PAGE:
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Posts Tagged ‘scores

Last Saturday, STonline reported the International Baccalaureate (IB) performances by Singapore schools. As usual, it featured pass rates and the number of perfect scores.

The local rag does this with our PSLEs, GCE O-Levels, and GCE A-Levels, so the article almost writes itself with a template. To be fair, the template has been updated to include human interest stories — the people behind the numbers — but these can seem like afterthought or filling newspaper space for a few days.

The IB result article fit the mould perfectly. It featured the usual suspects with the usual stellar results. Then it zoomed in on twins from the School of the Arts who got perfect scores.

What is wrong with doing this?

There is nothing wrong with human interest stories provided the children are not coerced into doing them and if the overcoming-the-odds stories inspire others.

What is wrong is the almost perverse fascination with quantitive results. It is one thing for schools and the Ministry of Education to keep track of these statistics, it is another to tout them and lead stories with them.

The health of our schooling system is not just measured by numbers. This would be like diagnosing sick patients by measuring only their temperatures and blood pressure. Even a layperson would say that stopping at such triage is irresponsible. The same could be said of the STonline reporting.

About five years ago, the MOE stopped revealing the names and schools of the top Primary School Leaving Examination (PSLE) students. It also discouraged the ranking and banding of schools into socially-engineered leagues in order to operate by its “every school a good school” principle. The move was meant to emphasise the holistic development of each child.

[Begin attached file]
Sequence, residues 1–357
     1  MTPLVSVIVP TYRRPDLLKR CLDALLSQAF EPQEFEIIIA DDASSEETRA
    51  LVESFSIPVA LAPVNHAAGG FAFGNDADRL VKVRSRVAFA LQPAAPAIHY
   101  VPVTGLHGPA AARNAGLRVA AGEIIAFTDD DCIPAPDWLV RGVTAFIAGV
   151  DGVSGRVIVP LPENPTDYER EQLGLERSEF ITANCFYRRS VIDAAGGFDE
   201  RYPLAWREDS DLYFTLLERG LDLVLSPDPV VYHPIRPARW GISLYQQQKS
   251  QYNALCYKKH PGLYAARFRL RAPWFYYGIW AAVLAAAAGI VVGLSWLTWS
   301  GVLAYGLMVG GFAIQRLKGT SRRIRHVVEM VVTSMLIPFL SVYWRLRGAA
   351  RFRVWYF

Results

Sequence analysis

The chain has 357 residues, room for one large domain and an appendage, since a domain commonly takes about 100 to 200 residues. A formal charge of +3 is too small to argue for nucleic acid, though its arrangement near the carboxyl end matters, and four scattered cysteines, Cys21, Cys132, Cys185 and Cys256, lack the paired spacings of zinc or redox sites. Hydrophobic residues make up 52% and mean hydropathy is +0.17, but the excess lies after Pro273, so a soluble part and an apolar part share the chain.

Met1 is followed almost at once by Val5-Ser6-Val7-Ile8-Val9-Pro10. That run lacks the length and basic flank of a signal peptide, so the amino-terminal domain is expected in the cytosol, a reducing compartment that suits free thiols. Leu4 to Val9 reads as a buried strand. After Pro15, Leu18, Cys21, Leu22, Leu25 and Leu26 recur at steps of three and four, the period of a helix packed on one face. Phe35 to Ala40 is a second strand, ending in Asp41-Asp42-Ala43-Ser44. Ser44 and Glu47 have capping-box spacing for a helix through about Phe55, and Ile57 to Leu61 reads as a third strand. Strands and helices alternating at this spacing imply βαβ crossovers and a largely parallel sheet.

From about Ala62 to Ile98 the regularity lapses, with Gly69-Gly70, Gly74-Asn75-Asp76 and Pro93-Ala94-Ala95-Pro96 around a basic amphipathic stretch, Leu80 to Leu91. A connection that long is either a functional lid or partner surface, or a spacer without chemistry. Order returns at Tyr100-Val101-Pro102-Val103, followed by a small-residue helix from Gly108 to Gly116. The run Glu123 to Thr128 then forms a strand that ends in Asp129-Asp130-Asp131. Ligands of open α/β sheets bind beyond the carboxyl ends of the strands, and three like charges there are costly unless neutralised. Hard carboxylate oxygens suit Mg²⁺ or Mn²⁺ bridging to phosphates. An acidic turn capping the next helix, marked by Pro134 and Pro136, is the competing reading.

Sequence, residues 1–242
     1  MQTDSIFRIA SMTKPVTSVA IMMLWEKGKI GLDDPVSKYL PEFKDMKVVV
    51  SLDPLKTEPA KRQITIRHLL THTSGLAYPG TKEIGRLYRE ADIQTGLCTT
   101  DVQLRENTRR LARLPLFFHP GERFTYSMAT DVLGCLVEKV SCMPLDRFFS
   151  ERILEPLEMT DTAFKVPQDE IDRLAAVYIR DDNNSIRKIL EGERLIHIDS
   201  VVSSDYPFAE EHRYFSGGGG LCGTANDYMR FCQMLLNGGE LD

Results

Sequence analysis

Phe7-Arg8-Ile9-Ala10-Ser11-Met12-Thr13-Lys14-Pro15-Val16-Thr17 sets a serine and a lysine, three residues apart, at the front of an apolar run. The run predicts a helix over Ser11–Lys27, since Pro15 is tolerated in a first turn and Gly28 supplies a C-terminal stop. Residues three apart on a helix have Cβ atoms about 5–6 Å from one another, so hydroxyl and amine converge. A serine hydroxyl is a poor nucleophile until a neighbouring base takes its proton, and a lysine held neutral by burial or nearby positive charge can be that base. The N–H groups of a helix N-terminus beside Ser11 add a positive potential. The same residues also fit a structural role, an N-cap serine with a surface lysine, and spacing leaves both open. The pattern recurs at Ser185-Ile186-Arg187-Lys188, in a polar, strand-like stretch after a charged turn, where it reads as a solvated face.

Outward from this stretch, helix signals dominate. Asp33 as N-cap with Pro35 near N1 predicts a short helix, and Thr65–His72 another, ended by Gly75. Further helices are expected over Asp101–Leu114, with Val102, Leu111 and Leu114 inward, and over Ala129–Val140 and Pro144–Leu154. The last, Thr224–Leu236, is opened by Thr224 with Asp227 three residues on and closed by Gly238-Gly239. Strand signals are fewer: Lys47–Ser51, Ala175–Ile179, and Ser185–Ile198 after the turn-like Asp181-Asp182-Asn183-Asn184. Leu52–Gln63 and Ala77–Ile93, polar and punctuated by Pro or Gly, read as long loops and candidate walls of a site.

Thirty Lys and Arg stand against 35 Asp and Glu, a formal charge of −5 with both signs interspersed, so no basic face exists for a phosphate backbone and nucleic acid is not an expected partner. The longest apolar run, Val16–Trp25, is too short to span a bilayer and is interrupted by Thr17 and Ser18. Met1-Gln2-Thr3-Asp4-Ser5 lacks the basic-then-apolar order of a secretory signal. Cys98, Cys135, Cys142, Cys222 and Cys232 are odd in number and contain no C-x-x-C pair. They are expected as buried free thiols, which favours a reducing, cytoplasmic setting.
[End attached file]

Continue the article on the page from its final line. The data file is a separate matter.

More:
The IB results article and its ilk hold us back. Yes, the template includes human interest stories and background information about the IB. But the newspaper conveniently forgets or ignores that the IB practically an alternative form of assessment. From the article:

Founded in Geneva in 1968, the programme is now available in 4,783 schools in over 150 countries and territories.

IB diploma students take six subjects and Theory of Knowledge, a course that combines philosophy, religion and logical reasoning. They also learn a second language, write a 4,000-word essay and complete a community service project.

Why not focus on how the thinking and value systems are nurtured? What are the impacts of the community service projects on all stakeholders? How might the rest of the schooling system learn from the IB process? Finding these things out is not easy. Then again, nothing worth doing is easy. Using a writing template is easy.

STonline might think it has the perfect template for reporting academic results. It might. But this template has lost relevance given MOE policy changes. In emphasising the numbers game, it creates speed bumps and barriers in a schooling system that is trying to plod slowly forward.

I wrote the title using the Betteridge law of headlines. Such a headline almost always leads to no as the answer.

I write this in response and reflection to this STonline opinion piece, Kids with tuition fare worse.